Ever since Kevin Love broke his hand doing knuckle push-ups, we’ve been trying to figure out how this team survives the presumed month he’s out healing. If the Wolves can be a .500 team during the month of November, it keeps them deep in the playoff race in the Western Conference. After a 2-1 start, the Wolves have five of the next seven games at home. Tonight’s game against Orlando, Friday’s game against Indiana, and then three in a row starting Wednesday of next week against Charlotte, Golden State, and Denver. In between, there are two road games against Chicago and Dallas (without Dirk and possibly without Marion).

This is a stretch in which the Wolves really need to win at least four of these games.  Continue Reading…

I was never, to put it mildly, a natural when it came to math. I vividly remember taking the SAT during my junior year of high school. The verbal sections were fine; I was comfortable; I knew my way around. But the math sections got ugly. I would begin to sweat; my mind would fill with expanding thickets of mostly useless information; the numbers would seem to float off the page. I knew that the problems were mostly tests of insight; and so I also knew that every mark I added to the paper, every tangential path my mind wandered, were taking me farther away from that nexus of intuition and efficiency that was crucial for good performance.

Defending the Orlando Magic is a little bit like that. When their offense is really humming–when the ball is moving inside-out and side-to-side, when they time their screens precisely–it presents the defense with a series of ever more hopeless decisions, each one leading them closer to a doorstep dunk or a wide open three. And then, of course, there is the Superman himself. I will ask you, just once, to recall how disheartening it was to watch Al Jefferson or Mad Dog Madsen or, like, Ryan Hollins try to guard Dwight Howard and consider how his frighteningly athletic presence down low can disfigure a defense and inflict crippling foul trouble. But for a number of reasons–foul trouble of his own, being forced to defend the perimeter, one meaty hunk of Montenegran man–the Wolves were able to limit Howard’s effectiveness on Monday.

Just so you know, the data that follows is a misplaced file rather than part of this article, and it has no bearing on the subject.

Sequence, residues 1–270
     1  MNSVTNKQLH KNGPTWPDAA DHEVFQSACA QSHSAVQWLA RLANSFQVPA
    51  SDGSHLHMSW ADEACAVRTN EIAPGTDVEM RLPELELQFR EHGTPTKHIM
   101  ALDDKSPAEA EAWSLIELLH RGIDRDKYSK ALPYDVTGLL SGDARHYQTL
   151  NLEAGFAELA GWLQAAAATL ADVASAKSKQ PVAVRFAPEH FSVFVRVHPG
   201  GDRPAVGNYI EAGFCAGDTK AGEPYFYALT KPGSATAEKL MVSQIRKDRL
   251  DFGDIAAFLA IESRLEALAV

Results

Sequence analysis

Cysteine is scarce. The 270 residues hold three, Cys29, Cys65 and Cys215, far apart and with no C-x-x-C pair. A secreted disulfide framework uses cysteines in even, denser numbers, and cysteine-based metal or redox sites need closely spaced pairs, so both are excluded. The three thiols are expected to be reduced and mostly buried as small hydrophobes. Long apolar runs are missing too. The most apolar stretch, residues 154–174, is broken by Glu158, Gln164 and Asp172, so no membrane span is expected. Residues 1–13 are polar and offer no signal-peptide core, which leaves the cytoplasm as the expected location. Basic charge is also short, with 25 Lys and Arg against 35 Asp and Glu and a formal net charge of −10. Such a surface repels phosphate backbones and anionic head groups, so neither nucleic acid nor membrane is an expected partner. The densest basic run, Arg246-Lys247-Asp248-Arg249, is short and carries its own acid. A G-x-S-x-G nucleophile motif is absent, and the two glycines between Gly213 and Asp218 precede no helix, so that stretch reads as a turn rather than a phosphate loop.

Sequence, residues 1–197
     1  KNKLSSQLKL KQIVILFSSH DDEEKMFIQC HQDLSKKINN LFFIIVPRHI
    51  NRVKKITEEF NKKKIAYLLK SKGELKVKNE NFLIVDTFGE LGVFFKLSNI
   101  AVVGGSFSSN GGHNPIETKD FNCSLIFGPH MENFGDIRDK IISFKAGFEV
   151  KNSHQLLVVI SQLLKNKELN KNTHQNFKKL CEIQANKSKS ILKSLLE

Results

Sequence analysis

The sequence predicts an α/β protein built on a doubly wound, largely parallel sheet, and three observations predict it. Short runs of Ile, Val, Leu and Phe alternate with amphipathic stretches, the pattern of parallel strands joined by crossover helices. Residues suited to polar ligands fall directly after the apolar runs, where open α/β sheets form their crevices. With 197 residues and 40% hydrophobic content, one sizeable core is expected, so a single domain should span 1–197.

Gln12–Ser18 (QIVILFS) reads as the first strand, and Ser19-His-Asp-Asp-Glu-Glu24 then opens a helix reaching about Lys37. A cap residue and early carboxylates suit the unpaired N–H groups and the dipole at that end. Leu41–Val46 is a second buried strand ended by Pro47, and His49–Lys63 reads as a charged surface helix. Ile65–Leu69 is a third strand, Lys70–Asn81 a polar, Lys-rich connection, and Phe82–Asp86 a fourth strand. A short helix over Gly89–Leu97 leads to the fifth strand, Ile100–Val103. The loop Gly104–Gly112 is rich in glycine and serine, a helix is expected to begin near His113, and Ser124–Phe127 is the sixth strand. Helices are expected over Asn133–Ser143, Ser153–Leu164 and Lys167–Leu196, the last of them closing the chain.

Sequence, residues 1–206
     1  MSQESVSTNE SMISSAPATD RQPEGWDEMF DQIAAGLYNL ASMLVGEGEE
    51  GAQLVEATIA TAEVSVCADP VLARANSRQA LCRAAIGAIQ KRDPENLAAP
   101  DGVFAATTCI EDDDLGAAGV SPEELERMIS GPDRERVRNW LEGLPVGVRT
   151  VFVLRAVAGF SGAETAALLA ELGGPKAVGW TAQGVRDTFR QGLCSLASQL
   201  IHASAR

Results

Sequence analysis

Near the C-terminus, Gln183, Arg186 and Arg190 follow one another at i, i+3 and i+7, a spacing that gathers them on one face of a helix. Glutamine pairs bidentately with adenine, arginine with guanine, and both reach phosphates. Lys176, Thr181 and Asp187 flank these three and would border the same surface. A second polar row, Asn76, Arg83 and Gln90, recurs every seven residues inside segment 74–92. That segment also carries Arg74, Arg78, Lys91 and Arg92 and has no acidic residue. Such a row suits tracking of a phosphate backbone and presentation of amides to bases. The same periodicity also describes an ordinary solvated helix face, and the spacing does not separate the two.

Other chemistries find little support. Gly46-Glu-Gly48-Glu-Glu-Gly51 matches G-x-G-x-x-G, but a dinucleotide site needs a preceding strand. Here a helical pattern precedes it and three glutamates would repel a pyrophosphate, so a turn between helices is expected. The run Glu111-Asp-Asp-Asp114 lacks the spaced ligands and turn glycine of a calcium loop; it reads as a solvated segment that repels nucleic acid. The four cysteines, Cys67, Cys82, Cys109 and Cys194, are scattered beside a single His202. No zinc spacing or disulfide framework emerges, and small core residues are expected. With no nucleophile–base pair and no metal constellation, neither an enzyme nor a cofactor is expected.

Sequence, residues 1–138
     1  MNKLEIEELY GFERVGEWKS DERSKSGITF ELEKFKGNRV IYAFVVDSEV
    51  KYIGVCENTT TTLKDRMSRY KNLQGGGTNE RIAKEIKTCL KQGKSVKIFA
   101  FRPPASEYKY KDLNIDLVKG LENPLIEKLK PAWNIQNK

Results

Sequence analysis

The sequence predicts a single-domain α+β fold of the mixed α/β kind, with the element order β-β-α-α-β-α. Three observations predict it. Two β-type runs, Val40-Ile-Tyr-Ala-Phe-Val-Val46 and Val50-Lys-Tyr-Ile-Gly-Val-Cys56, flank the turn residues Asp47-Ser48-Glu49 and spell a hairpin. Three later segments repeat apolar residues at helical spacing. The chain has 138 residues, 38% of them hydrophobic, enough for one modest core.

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Photo by ajsadeh

The first half of Saturday night’s game was among the best that the Wolves have played all season. They hit open jumpers. They forced Dwight Howard to put in real work for his points.  Luke Ridnour found open space in the paint, hitting Darko Milicic with two sweet pick-and-roll passes for wide open dunks. Corey Brewer drove Hedo Turkoglu to distraction with his relentless, ball-denying defense and burned the aging Turk with two back door alley-oops. Kevin Love reeled in 11 hard-earned boards.

But if you paid attention, the bad omens were in the air. Stan van Gundy made a series of moves to match  Ryan Anderson, the three-point gunning power forward, with Love. This forced Love to chase Anderson around the perimeter, to fight his way around screens, to recover from inside help to contest Anderson’s long-range shots. And although Love himself presents this same problem to many opposing fours, perimeter defense is perhaps his weakest defensive  skill (which is certainly saying something). What’s more, all of this perimeter work pulled Love away from the basket, neutralizing some of his rebounding fervor.